Appellant's motions claimed that appellee's counsel were asserting defenses that were not warranted under existing law.   Appellant was particularly troubled by appellee's assertion that an exclusionary clause existed in the policy to preclude liability for payment on appellant's judgment.   The provision cited by appellant had been deleted and replaced by an addendum to the policy, providing different exclusionary language, which was, as applied to appellant, essentially the same as the deleted language.

 We cannot find that the trial court abused its discretion in failing to hold a hearing as to these motions for sanctions.   A motion for attorney fees under R.C. 2323.51 can be denied without a hearing when the trial court finds no basis for imposing sanctions.  Pisani v. Pisani (1995), 101 Ohio App.3d 83, 654 N.E.2d 1355;  Sheridan v. Harbison (1995), 101 Ohio App.3d 206, 655 N.E.2d 256.   We find no abuse of discretion in the trial court's determination that a basis for imposing sanctions did not exist where appellee cited an irrelevant portion of the policy for support of an argument that could have been supported just as well by the relevant provision.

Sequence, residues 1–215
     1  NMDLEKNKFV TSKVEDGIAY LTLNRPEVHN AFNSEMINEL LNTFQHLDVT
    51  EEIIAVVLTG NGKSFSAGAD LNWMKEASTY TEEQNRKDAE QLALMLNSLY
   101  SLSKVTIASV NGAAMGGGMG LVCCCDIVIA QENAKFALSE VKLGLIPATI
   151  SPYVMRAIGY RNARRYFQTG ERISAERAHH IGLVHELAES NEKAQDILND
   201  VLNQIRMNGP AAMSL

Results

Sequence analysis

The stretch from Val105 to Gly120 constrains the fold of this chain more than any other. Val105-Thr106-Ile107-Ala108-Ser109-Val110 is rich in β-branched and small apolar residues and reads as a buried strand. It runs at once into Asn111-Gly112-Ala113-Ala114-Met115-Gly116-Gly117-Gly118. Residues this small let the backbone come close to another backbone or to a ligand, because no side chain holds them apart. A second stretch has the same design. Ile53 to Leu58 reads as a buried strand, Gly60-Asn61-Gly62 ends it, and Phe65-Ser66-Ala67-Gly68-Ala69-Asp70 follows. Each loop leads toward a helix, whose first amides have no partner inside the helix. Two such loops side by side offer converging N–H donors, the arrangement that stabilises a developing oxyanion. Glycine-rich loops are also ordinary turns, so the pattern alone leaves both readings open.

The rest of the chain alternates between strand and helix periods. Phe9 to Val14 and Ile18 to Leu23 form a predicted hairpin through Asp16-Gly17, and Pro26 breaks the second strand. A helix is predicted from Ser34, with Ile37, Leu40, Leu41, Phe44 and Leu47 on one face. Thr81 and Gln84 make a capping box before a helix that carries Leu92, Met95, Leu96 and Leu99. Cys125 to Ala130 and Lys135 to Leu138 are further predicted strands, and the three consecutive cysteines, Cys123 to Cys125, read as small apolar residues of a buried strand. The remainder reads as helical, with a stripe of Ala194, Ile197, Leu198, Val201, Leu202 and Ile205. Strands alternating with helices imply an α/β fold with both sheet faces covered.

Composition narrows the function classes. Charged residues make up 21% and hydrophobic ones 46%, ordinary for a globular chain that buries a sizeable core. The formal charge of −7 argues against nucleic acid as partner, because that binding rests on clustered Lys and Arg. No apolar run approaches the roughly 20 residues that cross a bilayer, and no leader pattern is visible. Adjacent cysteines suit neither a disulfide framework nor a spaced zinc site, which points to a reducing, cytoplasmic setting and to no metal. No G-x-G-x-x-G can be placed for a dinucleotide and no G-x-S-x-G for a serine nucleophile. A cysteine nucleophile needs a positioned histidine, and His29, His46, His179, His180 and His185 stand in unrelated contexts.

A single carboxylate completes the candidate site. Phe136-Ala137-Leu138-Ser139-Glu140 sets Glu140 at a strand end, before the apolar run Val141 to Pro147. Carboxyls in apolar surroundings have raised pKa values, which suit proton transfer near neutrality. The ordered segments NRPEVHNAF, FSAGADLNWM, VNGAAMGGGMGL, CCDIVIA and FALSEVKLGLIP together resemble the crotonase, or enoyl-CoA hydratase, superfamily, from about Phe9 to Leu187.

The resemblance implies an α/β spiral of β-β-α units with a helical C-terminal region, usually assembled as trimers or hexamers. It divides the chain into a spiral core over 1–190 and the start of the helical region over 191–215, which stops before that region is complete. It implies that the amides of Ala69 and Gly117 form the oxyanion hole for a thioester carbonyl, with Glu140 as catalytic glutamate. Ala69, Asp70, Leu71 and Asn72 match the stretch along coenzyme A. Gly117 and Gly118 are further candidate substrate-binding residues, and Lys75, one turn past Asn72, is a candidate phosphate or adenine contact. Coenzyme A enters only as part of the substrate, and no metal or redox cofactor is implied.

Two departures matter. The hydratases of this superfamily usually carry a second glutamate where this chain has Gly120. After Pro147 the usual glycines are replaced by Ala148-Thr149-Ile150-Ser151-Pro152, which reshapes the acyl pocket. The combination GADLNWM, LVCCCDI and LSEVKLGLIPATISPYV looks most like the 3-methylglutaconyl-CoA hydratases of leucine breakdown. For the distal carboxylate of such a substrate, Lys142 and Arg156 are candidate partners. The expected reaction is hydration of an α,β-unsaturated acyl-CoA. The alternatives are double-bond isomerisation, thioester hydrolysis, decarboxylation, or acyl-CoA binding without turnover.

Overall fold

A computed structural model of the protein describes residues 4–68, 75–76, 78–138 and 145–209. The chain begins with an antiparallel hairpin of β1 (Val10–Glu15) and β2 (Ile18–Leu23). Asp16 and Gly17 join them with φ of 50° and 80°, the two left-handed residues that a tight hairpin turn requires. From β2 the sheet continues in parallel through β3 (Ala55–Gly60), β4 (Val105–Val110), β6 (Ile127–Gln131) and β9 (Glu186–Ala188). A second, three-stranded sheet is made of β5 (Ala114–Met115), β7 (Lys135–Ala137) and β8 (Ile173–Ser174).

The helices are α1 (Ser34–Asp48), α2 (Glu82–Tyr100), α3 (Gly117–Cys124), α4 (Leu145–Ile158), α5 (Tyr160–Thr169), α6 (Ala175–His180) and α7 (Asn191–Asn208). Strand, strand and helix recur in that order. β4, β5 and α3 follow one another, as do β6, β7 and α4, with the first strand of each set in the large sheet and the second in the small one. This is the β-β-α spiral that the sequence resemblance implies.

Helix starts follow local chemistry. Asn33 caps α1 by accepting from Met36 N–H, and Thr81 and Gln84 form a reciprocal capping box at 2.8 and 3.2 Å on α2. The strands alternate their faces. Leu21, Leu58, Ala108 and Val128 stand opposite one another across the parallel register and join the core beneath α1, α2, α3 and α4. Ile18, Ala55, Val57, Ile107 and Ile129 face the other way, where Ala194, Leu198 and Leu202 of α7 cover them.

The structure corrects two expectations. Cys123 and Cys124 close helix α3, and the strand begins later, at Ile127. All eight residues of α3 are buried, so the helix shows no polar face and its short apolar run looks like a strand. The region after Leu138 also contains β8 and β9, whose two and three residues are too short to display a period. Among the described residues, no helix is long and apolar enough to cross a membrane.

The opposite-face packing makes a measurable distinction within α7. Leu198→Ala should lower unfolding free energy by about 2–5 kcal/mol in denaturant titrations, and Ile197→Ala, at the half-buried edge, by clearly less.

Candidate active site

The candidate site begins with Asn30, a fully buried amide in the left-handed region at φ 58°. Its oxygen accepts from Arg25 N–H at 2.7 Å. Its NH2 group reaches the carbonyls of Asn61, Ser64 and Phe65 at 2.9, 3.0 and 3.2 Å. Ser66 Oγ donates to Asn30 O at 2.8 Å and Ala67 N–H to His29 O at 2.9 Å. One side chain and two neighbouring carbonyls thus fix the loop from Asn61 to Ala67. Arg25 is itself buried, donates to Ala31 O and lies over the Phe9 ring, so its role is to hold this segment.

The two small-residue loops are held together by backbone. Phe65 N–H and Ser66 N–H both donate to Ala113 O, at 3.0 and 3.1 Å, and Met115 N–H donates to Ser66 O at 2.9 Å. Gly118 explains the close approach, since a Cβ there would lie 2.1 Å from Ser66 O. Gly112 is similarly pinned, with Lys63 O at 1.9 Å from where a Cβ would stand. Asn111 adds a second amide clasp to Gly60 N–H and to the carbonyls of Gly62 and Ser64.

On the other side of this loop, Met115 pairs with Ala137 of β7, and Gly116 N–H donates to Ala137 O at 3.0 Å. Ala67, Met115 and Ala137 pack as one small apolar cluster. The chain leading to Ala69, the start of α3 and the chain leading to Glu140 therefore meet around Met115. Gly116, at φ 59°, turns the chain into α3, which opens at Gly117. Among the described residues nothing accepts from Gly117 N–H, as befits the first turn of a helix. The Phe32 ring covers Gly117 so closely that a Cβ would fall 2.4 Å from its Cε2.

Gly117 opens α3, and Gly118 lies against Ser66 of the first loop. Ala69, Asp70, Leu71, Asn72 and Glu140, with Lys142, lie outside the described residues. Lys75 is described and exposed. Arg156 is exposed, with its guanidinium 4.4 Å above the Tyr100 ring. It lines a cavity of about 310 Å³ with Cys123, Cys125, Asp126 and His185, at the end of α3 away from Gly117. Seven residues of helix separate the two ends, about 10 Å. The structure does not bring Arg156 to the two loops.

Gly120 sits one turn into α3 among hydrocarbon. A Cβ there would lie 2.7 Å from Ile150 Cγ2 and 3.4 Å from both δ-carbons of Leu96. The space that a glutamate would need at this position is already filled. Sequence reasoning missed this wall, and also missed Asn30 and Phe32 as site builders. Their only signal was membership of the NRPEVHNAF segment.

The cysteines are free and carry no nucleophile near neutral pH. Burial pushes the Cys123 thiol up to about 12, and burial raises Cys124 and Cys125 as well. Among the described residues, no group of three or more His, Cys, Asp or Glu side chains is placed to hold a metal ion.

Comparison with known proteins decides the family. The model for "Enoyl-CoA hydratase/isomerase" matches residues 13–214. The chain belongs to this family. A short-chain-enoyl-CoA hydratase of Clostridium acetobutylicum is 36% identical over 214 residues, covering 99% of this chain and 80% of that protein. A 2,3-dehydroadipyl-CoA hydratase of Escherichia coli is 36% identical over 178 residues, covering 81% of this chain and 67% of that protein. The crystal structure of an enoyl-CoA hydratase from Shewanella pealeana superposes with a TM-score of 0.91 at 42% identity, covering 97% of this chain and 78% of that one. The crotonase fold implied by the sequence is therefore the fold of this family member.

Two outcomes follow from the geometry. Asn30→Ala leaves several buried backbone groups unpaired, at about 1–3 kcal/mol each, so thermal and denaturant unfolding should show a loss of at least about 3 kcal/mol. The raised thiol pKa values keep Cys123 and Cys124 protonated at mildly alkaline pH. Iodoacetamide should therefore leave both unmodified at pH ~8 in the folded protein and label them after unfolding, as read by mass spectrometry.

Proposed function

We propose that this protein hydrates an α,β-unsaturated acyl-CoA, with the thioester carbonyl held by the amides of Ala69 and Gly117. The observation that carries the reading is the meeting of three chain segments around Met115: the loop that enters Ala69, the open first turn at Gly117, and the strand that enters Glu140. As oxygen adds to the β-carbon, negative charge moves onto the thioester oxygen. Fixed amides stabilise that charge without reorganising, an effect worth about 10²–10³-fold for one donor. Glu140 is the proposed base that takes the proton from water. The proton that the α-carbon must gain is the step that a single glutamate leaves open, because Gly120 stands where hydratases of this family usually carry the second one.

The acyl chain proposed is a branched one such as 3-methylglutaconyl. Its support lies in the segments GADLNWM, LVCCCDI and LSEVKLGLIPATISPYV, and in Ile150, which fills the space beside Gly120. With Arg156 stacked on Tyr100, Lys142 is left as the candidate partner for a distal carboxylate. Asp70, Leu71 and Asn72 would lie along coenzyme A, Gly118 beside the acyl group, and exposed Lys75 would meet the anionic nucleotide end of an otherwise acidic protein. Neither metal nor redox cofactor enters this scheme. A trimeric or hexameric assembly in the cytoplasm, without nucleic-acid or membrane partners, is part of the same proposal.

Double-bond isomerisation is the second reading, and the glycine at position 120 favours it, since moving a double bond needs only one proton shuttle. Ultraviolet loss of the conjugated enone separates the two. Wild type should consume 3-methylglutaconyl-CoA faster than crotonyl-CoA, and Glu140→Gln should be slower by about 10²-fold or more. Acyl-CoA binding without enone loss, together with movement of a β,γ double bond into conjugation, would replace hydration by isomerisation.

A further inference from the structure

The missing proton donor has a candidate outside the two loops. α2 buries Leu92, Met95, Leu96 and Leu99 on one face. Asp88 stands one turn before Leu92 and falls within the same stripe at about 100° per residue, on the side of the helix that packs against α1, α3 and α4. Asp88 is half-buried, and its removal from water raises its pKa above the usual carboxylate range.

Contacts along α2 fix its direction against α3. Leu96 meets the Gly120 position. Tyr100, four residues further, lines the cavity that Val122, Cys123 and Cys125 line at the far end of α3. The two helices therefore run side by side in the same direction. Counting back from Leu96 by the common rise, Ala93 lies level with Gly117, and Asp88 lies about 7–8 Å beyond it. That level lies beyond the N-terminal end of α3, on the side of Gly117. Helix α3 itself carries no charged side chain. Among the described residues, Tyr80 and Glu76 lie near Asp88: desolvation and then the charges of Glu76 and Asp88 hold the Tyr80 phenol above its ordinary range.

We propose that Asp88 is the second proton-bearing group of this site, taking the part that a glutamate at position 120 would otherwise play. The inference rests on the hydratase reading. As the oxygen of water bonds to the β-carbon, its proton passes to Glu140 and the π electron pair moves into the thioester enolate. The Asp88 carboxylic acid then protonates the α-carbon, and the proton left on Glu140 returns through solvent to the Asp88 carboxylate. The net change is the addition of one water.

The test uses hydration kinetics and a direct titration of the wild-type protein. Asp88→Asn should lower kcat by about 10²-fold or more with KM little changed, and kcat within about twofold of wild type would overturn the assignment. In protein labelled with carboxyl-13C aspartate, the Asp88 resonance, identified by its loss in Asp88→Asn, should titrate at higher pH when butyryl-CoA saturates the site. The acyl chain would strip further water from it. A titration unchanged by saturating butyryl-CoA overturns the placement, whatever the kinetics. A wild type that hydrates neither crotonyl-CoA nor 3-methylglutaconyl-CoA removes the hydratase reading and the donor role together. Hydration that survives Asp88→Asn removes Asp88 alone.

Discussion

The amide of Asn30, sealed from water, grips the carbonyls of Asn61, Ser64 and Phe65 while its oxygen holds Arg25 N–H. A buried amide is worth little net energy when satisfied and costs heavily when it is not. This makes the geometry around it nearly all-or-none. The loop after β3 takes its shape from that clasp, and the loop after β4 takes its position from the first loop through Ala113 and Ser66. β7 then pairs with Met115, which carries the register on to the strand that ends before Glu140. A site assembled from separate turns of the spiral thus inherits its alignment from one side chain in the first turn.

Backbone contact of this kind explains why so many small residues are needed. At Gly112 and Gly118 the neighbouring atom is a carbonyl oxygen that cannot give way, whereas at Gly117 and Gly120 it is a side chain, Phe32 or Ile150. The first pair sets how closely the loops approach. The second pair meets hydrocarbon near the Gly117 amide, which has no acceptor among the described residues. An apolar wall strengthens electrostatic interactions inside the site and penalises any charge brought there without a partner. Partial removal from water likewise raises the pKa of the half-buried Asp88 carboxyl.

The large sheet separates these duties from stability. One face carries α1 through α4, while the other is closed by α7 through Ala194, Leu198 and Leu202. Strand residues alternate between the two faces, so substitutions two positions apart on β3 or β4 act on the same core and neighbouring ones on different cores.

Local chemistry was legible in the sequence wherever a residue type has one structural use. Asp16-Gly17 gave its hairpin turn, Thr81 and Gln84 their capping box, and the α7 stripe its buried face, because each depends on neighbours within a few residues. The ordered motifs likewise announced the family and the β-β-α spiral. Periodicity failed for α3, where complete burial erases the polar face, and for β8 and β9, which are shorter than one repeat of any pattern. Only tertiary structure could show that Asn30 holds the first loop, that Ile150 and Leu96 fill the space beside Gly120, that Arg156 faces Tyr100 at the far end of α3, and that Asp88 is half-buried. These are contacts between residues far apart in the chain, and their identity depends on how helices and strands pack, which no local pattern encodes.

Appellant filed a motion for sanctions against appellee's appellate counsel with this court, arguing the same point as was argued in appellant's motions filed with the trial court.   We do not find merit in appellant's motion for sanctions.   Although appellee's counsel is obviously not reading the policy thoroughly, a basis for the defense exists elsewhere in the policy.   We do not find frivolous conduct in asserting the defense itself.

 Appellant's second assignment of error is overruled.   The trial court's denial of appellant's motion for sanctions is affirmed.   Appellant's motion for sanctions filed on appeal is denied.   The trial court's decision to grant appellee's motion for summary judgment is affirmed.

Judgment affirmed.

DYKE, Judge.

DAVID T. MATIA, P.J., and PRYATEL, J., concur.

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Docket No: Nos. 71126, 71423.

Decided: May 05, 1997

Court: Court of Appeals of Ohio,Eighth District, Cuyahoga County.